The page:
A lot gets written about the early music of North America and its influences on today's music. We talk about old time holler songs the slaves would sing in the fields and the Scottish and Irish roots of the music sung by the white settlers in the Tennessee Valley and the Carolina hills.
But all of us seem to forget there was a third group of people living in the same area, who had been living there actually for quite some time before the white people and their black slaves showed up. That would be the Native Americans, First Nations, Aboriginals, or whatever label you feel like affixing to them.
In the Carolinas it was no exception and the original people were the Tuscarora. Now for most people who have even heard of the Tuscarora, it's only because they are known as the nation that was the sixth of the Six Nations to join the Iroquois Confederacy. The truth of the matter was they were on the run and looking to escape white encroachment on their lands when they joined up with the Iroquois.
But for the Tuscarora, who weren't able to make good on the escape up north to what's now New York state, they ended up sharing a lot of the same experiences as the black slaves, including being made into slaves right beside them. So there was a fair bit of co-mingling of music going on right from those earliest days of settlement. In fact, according to singer songwriter Pura Fe, the two people's shared so much in common that when the Tuscarora were free they became an integral stop on the Underground railroad helping slaves escape to Canada.
Pura Fe should know about things like this because she can trace back her maternal Tuscarora line far enough to know she's the fourth generation in a row of seven singing sisters. So the singing style and music she learned from her mother, goes back to the time of her great-grand mother, which even at a conservative estimate would be the late 1800s.
When you listen to her sing on her latest album, Follow Your Heart's Desire, on the Music Maker label, you can understand how she ties into their mission of supporting music that is in danger of being lost. You can hear elements of almost every kind of old time music wrapped up in her songs, but there's also an underpinning of something distinct.
I don't even mean the obvious inclusion of Tuscarora language lyrics, or even native instruments like turtle shell rattles or drums; unfortunately you can find those instruments a dime a dozen on new age CDs these days. (Although finding anyone speaking the Tuscorora language would be a lot more surprising as its one of the tongues that was almost successfully made extinct by North American government assimilation programs. You can probably count of your hands and feet the number of completely fluent native-born Tuscarora speakers left in the world, current generations are having to be re taught to speak it as a second language.) It's more like there is a certain quality to her singing or an undercurrent to her music that makes it distinct from anything else you've heard before.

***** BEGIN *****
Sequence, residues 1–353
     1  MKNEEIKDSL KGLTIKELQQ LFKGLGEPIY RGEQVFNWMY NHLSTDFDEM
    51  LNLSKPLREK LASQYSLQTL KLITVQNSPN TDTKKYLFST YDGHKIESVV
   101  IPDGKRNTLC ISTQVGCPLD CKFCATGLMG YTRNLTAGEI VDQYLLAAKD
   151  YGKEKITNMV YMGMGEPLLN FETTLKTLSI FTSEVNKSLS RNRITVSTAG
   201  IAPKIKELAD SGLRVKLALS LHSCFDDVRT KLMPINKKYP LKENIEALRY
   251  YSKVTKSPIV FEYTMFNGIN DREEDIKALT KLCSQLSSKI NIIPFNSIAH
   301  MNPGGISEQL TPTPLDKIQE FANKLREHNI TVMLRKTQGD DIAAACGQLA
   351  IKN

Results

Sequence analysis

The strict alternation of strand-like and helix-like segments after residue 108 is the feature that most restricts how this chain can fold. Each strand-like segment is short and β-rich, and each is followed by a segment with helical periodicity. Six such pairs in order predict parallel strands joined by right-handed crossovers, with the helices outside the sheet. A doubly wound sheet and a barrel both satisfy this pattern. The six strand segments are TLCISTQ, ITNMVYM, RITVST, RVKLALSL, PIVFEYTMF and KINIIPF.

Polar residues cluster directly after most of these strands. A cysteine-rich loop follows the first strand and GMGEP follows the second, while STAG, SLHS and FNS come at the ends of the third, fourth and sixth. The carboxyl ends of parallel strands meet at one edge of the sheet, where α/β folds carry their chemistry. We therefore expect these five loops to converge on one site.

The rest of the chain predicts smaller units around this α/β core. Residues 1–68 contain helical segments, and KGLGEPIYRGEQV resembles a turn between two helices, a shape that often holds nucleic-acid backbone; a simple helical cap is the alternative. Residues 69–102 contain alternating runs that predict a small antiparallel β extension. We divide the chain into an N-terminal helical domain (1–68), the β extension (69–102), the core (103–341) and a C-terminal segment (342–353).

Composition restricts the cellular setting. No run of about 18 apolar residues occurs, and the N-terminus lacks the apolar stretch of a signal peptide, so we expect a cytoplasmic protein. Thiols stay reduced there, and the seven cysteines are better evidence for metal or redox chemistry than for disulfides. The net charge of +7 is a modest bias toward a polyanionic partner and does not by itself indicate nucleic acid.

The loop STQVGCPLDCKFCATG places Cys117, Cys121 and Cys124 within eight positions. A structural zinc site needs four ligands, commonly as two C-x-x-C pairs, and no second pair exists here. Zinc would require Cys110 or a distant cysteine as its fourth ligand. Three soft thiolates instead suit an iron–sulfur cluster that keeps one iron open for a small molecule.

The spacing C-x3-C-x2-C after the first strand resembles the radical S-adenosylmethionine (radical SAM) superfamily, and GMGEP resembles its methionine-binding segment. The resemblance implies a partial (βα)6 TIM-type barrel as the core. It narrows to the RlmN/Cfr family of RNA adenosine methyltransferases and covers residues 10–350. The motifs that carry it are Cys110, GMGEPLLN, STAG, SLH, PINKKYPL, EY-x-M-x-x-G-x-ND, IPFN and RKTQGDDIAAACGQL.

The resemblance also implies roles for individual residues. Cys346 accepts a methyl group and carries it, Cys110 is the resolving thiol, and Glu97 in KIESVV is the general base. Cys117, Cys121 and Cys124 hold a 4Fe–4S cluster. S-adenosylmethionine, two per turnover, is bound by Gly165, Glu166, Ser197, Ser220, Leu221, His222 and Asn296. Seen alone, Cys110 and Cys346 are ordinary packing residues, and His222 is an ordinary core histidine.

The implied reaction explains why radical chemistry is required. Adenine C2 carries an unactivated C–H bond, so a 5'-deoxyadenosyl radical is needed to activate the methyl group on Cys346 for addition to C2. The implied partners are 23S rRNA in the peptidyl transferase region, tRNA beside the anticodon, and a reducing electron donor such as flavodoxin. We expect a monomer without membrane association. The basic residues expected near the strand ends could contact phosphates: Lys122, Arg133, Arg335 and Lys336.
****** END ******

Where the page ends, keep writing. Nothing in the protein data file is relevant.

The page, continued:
What I noticed first was her voice, one moment it would sound just like any other woman singer's voice that played around in the higher registers, the next moment there would be an almost rumble or growl in the back of her throat as some passion began to overwhelm her.
It may not be a traditional Blues voice singing traditional Blues songs, but it’s a voice, and a song, born out of the same emotional base that inspired the men and women from that area to sing the blues and the stories of their lives and families. Pura Fe does much the same thing as those who came before her, singing about love and betrayal, about wanting the right person, and being with the wrong one.
But she also sings the stories of her people, and I don't mean the cute little folk tales you read in the anthropology books either, but of the heartbreak of being different and the hatred directed against them by those too scared to do anything but hate and envy. The song "Della Blackman Pick and Choose" is about her great aunt who was killed and raped by the Ku Klux Klan for daring to try and go see her family after marrying a white man.
Then there are the songs specifically about her nation, the Tuscarora, and how she first came back to the Carolinas, meeting her cousins for the first time in the song "Goin' Home". Like all good Blues songs these are full of pain, happiness and longing. But unlike so many songs the longing is for the land – to reconnect to where the spirit of her family resides.
On Follow Your Heart's Desire Pura Fe shows a remarkable talent for both songwriting and singing. For those of you who have never heard her before this is an ideal opportunity. Not only is she in fine voice on this disc, but she is joined by some really fine musicians who provide both Native and Carolina style backing for her.
For those of you who know her from Ulali, the acappella group she founded, you will recognize the versatility of her voice if not the musical styles she is exploring here. For those of you who have heard Pura Fe before Follow Your Heart's Desire will be an experience you'll not soon forget.